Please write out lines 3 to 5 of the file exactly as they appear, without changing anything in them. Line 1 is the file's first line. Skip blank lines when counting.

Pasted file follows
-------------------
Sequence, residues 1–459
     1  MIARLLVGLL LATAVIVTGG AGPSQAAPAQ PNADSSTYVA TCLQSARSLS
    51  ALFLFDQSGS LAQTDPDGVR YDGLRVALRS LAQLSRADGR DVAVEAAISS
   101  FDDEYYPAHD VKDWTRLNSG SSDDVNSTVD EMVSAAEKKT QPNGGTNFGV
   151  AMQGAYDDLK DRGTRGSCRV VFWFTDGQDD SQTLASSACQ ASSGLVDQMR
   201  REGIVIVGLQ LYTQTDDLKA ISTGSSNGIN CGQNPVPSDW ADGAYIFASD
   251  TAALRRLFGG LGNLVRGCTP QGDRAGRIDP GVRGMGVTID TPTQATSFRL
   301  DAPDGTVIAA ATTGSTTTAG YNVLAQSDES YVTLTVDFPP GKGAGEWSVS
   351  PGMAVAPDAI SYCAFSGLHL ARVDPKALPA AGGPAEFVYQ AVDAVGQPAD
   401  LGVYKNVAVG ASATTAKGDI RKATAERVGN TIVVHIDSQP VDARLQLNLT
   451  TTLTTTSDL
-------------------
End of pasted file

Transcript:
    51  ALFLFDQSGS LAQTDPDGVR YDGLRVALRS LAQLSRADGR DVAVEAAISS
   101  FDDEYYPAHD VKDWTRLNSG SSDDVNSTVD EMVSAAEKKT QPNGGTNFGV
   151  AMQGAYDDLK DRGTRGSCRV VFWFTDGQDD SQTLASSACQ ASSGLVDQMR